Kennedy v. City of Zanesville, Oh

Decision Date07 September 2007
Docket NumberNo. 2:03-CV-1047.,2:03-CV-1047.
Citation505 F.Supp.2d 456
PartiesJerry R. KENNEDY, et al., Plaintiffs, v. CITY OF ZANESVILLE, OHIO, et al., Defendants.
CourtU.S. District Court — Southern District of Ohio

Rachel Kimberly Robinson, Kimberly M. Skaggs, Equal Justice Foundation, Kerstin Sjoberg-Witt, Shawn J. Organ, Jones Day, Stefan J. Schmidt, Stephanie R. Bostos Demers, Ohio Attorney General, Columbus, OH, Stephen M. Dane, Relman & Dane PLLC, Perrysburg, OH, Beth A. Wilson, Jennifer W. Steves, Cooper & Walinski LPA, Toledo, OH, Isabelle M. Thabault, U.S. Department of Justice, Housing & Civil Enforcement Section, Jennifer I. Klar, John P. Relman, Reed N. Colfax, Relman & Dane PLLC, Washington, DC, Marilyn Tobocman, Cleveland, OH, for Plaintiffs.

Douglas Paul Holthus, Michael Joseph Valentine, Paul-Michael La Fayette, Reminger & Reminger Co. LPA, Jessica K. Philemond, Mark David Landes, Isaac Brant Ledman & Teetor LLP, Columbus, OH, Scott Thomas Hillis, Cottrill Hillis & Small, Zanesville, OH, Mark W Baserman, Sr., Baserman Law Office, Millersburg, OH, for Defendants.


ALGENON L. MARBLEY, District Judge.


This matter comes before the Court on the following motions for summary judgment: (1) Motion for Summary Judgment of Defendant City of Zanesville ("City"); (2) Motion for Summary Judgment of Defendants Washington Township, Clint W. Cameron, Paul R. Bunting and Douglas Culbertson ("Township Defendants"); (3) Motion for Summary Judgment of Defendants Muskingum County, Don Madden, Ed Kenily, and Dorothy Montgomery ("County Defendants"); and (4) Plaintiffs' Motion for Partial Summary Judgment on the Liability of Muskingum County for the East Muskingum Water Authority. After thorough review, this Court GRANTS Plaintiffs' Motion for Partial Summary Judgment; GRANTS the Township Defendants' Motion for Summary Judgment; and GRANTS in part and DENIES in part the City's and County Defendants' Motions for Summary Judgment.


Sixty-eight individual plaintiffs, the Fair Housing Advocates Association ("FHAA"), and the Ohio Civil Rights Commission ("OCRC") (collectively, "Plaintiffs"), filed this civil rights action against the City of Zanesville ("City"), Muskingum County ("County"), Washington Township ("Township") and individual elected officials from the County and Township, (collectively, "Defendants"). Plaintiffs claim that Defendants' had a policy, pattern, and practice of denying public water service to the individual Plaintiffs during the last fifty years because they are African-American and/or because they reside in a predominantly African-American neighborhood.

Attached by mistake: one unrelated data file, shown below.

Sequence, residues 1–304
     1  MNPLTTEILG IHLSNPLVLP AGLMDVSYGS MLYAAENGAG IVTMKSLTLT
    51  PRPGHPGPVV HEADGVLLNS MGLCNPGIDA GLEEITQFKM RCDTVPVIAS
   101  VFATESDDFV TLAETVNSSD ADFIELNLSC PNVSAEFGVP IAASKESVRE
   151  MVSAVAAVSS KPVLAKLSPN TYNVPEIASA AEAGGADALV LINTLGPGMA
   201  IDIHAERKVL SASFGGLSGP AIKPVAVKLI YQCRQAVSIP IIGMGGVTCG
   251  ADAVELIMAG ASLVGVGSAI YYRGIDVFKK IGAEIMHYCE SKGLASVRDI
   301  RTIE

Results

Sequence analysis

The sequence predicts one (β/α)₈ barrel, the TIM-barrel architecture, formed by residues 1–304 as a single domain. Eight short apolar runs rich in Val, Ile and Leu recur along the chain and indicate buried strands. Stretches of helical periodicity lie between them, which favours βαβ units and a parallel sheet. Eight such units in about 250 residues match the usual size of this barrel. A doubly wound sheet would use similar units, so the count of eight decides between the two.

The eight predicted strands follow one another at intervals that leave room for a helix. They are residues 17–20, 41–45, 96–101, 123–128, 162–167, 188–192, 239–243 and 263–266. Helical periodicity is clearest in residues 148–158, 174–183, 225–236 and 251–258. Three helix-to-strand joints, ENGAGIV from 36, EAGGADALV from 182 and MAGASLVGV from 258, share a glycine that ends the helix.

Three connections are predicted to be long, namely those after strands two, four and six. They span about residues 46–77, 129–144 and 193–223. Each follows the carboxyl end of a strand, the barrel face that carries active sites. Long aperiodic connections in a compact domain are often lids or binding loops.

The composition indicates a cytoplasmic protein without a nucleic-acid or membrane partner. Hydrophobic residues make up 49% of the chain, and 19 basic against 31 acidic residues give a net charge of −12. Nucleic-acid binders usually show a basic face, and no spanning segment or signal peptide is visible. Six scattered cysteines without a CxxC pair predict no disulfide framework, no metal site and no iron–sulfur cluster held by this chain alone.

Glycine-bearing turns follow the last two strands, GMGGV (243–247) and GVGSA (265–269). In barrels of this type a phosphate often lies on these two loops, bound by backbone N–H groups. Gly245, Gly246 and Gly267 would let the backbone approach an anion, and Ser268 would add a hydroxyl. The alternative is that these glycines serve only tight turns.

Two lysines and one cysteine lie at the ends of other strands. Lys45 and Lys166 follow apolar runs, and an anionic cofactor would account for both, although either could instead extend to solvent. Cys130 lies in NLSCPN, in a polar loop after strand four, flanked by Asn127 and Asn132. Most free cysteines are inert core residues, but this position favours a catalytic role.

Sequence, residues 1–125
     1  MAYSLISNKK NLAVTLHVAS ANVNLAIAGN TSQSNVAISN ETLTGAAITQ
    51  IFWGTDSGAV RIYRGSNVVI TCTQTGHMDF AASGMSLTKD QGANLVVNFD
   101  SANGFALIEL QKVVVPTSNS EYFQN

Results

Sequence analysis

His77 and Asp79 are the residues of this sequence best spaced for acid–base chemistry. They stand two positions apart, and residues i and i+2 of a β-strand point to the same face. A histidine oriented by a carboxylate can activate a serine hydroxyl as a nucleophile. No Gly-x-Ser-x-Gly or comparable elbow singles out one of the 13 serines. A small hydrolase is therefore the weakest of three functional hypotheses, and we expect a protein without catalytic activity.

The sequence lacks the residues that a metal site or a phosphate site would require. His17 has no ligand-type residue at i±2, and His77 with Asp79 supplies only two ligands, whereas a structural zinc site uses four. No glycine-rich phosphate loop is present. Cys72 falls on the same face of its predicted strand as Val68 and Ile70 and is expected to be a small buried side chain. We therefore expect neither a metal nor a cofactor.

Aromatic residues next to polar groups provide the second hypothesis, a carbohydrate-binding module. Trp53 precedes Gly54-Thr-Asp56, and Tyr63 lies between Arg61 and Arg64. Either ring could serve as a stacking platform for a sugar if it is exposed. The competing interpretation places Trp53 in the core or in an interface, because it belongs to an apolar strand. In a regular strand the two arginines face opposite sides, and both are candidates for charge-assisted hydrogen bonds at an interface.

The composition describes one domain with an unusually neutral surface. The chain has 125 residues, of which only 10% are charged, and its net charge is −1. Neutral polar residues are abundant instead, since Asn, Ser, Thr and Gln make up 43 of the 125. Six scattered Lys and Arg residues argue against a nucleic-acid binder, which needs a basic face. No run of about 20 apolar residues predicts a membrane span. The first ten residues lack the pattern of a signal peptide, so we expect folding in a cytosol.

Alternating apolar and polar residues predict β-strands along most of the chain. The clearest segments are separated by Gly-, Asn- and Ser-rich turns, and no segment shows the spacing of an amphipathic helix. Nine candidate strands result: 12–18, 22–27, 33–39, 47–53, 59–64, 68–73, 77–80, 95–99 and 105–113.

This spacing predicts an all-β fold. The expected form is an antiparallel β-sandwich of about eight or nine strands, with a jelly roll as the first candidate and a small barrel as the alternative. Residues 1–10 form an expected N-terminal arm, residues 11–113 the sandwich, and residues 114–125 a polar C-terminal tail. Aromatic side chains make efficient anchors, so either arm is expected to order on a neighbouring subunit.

The individual Plaintiffs lived, at various times, in the Coal Run neighborhood located within the County and Township, and just outside the Zanesville city limits. The neighborhood includes approximately twenty-five homes, and historically the residents of Coal Run have been African-American. Currently, approximately eighty-five percent of the Coal Run neighborhood residents are African-American, while the County and Township both are over ninety-five percent white. Contaminated by years of mining in the area, the ground water in the Coal Run neighborhood is not safe for residential purposes. Prior to receiving public water service in 2004, Plaintiffs, therefore, used wells, hauled water, had water delivered to their homes, and even collected rain water and melted snow in order to have safe,, usable water for drinking, cooking, and bathing.

Because the factual allegations beyond this basic background diverge, the Court will set forth the facts as separately presented by Plaintiffs and Defendants.

A. The Facts Presented by Plaintiffs

According to Plaintiffs, the residents of Coal Run suffered under a decades-long discriminatory government policy of refusing to provide glean water to their neighborhood due to its racial makeup. Plaintiffs claim that Coal Run was surrounded by waterlines going to predominately white areas and Plaintiffs, despite repeated requests, were not permitted to connect to the adjacent lines. Plaintiffs contend that the City, County, and Township are all responsible for the waterlines that run through the County, and even though Defendants had the power and ability to bring water to Coal Run, they engaged in three broad forms of discrimination to deny the neighborhood water. First, Plaintiffs claim that Defendants regularly passed over the Coal Run neighborhood in favor of funding and constructing waterlines for, often more distant, white areas. Second, Plaintiffs state that Defendants, rejected or disregarded the numerous requests for waterlines to be extended into Coal Run, while at the same time pursuing projects in response to requests from white areas. Third, Plaintiffs claim that Defendants denied individual requests from Coal Run residents to connect to an existing line — the Old Adamsville Road line — while letting white homes connect.